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"Large Blackouts in North America: Historical Trends and Policy Implications"
Paul Hines, Jay Apt, and Sarosh Talukdar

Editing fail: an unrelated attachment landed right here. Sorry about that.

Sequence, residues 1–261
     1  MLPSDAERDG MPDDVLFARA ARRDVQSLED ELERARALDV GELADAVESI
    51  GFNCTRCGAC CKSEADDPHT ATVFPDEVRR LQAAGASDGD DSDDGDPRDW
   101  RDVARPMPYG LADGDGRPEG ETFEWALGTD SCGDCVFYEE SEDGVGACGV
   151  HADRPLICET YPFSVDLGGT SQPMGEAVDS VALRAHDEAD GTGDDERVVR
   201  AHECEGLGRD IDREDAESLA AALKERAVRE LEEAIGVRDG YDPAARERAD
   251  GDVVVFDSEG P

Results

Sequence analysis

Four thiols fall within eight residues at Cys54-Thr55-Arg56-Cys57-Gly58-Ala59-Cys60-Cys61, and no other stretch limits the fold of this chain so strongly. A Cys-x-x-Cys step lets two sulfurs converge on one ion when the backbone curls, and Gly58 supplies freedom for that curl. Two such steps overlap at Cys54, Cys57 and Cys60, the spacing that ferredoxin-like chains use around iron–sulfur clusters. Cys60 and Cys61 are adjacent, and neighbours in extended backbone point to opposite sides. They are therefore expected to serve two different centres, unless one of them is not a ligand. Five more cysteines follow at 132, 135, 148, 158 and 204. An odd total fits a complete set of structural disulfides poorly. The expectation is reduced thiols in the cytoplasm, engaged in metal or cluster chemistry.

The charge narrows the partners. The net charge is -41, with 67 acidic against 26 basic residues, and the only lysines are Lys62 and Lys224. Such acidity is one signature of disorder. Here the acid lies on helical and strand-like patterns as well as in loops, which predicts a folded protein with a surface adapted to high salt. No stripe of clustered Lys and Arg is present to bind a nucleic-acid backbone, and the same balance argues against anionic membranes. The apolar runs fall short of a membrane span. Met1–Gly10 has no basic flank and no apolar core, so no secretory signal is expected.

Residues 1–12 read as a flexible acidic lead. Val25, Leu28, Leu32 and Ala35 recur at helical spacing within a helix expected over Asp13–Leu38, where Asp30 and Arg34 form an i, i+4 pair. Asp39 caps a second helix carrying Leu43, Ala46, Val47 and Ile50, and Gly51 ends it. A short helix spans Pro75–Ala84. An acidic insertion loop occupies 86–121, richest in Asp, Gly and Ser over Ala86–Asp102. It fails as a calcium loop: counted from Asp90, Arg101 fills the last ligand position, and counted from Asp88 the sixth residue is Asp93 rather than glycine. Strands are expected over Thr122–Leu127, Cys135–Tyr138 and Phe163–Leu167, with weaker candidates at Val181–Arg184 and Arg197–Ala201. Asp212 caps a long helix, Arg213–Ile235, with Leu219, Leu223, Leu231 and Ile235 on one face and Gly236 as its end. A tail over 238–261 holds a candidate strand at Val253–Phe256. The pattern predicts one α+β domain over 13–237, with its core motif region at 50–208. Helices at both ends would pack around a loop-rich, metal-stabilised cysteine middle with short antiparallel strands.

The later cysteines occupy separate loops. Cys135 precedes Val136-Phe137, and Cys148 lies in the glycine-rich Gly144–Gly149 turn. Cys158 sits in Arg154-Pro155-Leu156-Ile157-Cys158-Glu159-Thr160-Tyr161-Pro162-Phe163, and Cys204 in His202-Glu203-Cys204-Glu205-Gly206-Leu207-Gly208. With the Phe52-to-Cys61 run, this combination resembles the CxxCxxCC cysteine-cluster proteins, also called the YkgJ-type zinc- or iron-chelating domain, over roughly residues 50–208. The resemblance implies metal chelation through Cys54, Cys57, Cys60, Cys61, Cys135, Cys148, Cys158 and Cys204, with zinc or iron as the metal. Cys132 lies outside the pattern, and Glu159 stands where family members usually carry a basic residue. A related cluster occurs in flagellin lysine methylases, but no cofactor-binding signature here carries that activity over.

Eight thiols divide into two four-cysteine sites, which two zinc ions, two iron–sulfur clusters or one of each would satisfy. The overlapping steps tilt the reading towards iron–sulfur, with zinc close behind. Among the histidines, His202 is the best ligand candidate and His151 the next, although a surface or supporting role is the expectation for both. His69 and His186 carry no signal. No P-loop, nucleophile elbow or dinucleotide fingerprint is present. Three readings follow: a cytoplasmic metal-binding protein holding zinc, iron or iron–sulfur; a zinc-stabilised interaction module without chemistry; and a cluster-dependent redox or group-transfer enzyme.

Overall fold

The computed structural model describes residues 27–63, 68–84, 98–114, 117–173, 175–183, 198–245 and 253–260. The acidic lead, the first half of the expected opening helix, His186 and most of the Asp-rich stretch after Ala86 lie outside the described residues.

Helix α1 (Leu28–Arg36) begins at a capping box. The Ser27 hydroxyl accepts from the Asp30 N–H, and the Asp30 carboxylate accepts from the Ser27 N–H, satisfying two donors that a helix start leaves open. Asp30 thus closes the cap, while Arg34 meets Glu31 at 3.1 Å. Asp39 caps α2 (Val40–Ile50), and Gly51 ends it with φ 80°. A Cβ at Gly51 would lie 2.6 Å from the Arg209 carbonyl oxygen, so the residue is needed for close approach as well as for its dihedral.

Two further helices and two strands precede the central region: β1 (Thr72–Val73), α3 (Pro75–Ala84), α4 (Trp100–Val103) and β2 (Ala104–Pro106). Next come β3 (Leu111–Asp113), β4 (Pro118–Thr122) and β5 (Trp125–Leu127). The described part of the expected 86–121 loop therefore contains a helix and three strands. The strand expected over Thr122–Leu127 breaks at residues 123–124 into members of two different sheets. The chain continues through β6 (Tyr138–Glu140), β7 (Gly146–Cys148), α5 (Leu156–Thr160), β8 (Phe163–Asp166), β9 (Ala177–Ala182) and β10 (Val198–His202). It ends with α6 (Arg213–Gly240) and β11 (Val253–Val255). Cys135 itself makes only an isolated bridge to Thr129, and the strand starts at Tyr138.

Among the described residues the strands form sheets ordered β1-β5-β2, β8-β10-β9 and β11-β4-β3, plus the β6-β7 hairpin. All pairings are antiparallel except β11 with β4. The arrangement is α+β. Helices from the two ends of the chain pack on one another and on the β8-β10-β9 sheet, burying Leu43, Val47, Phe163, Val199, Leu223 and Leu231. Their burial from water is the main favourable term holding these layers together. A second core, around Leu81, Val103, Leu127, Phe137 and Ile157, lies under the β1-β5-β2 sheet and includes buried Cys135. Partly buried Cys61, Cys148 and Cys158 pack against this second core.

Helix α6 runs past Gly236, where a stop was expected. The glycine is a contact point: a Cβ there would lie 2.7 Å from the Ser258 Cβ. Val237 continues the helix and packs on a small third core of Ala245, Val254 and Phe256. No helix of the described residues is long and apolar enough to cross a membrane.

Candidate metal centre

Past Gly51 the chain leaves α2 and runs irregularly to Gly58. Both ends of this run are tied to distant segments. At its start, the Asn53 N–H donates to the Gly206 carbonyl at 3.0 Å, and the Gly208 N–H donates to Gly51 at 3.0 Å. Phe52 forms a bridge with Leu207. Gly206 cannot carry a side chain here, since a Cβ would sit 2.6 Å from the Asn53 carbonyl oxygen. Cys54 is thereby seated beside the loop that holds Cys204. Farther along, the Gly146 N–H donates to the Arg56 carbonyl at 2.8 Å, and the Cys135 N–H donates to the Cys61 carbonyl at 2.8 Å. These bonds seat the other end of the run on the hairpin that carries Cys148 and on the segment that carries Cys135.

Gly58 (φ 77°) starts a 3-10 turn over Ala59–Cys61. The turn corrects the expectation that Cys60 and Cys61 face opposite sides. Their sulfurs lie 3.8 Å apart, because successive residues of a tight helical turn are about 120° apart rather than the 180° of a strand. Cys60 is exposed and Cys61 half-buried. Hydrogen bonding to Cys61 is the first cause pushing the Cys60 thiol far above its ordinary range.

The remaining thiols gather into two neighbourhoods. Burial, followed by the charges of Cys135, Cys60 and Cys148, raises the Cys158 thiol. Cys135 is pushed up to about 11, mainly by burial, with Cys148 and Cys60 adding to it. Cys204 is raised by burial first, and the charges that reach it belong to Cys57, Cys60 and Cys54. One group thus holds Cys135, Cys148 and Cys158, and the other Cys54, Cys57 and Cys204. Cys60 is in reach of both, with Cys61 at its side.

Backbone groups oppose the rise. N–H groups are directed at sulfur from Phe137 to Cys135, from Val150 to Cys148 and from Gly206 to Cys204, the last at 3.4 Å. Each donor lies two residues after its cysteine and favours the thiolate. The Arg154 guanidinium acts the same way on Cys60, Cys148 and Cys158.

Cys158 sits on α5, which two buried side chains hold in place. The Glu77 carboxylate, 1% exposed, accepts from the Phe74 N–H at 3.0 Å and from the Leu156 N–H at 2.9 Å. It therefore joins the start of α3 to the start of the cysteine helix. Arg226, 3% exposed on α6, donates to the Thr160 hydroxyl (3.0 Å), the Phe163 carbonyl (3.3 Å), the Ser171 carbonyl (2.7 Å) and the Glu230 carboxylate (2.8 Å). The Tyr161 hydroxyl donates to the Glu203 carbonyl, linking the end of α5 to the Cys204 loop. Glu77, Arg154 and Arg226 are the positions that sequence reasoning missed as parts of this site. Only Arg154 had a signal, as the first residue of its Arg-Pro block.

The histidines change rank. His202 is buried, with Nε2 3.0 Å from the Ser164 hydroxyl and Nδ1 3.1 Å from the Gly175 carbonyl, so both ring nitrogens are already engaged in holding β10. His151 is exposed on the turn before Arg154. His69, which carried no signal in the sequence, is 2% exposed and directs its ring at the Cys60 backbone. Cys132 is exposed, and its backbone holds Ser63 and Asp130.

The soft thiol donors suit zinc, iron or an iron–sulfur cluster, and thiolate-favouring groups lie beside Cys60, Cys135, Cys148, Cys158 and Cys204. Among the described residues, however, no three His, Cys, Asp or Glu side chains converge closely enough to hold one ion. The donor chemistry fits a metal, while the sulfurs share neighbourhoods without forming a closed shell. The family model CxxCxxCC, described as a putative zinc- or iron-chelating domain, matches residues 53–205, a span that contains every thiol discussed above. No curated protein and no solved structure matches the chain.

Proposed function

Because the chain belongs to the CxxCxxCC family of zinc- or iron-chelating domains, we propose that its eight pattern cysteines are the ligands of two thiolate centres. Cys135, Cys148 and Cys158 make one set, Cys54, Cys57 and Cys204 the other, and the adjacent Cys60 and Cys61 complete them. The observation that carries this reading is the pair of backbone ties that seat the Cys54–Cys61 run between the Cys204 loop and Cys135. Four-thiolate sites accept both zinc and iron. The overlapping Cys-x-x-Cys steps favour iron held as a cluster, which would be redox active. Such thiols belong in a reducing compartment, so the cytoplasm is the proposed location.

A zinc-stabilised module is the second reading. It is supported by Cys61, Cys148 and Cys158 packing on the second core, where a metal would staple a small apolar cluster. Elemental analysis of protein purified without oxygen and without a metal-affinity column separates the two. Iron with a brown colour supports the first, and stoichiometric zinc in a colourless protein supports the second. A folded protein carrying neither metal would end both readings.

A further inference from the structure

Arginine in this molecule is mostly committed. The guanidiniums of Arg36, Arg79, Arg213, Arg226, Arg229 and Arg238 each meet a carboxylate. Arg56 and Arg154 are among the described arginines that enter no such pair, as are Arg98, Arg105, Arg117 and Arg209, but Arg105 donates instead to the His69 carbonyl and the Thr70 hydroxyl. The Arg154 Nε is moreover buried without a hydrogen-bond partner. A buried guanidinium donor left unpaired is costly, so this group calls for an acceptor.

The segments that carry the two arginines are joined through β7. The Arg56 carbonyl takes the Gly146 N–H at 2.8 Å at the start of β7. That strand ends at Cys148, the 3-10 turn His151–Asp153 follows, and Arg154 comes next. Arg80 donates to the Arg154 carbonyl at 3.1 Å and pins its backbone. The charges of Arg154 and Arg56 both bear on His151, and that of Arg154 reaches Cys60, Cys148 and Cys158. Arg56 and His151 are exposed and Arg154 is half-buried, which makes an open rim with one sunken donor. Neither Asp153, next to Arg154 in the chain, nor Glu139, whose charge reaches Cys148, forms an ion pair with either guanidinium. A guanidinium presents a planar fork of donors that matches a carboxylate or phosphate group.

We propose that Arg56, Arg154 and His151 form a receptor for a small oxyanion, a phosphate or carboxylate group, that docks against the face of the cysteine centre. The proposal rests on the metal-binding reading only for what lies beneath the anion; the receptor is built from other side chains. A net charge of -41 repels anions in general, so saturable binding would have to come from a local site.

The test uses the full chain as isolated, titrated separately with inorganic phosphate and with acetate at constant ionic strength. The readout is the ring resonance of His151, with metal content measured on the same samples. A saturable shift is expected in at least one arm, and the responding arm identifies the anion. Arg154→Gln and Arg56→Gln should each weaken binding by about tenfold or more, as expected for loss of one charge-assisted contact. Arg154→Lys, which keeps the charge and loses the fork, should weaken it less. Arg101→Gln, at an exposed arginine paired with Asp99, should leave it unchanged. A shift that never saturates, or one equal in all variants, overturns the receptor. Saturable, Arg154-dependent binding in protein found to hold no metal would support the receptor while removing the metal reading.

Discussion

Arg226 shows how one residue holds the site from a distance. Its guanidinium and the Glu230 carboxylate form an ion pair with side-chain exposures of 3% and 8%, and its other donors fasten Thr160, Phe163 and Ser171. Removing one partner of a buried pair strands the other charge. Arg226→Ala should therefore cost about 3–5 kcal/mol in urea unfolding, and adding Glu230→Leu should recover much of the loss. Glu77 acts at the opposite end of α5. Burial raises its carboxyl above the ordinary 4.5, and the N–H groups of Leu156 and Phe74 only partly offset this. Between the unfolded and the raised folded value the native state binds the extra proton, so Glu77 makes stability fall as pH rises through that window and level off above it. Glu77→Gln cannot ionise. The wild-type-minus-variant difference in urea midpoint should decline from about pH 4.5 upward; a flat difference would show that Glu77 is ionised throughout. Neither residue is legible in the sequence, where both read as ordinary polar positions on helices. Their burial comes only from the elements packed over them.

Using data from the North American Electric Reliability Council (NERC) for 1984-2006, we find several notable trends. We find that the frequency of large blackouts in the United States has not decreased over time, that there is a statistically significant increase in blackout frequency during peak hours of the day and during late summer and mid winter months (although non-storm-related risk is nearly constant through the year) and that there is strong statistical support for the previously observed power-law statistical relationship between blackout size and frequency. We do not find that blackout sizes and blackout durations are significantly correlated. These trends hold even after controlling for increasing demand and population and after eliminating small events, for which the data may be skewed by spotty reporting. Trends in blackout occurrences, such as those observed in the North American data, have important implications for those who make investment and policy decisions in the electricity industry. We provide a number of examples that illustrate how these trends can inform benefit-cost analysis calculations. Also, following procedures used in natural disaster planning we use the observed statistical trends to calculate the size of the 100-year blackout, which for North America is 186,000 MW.

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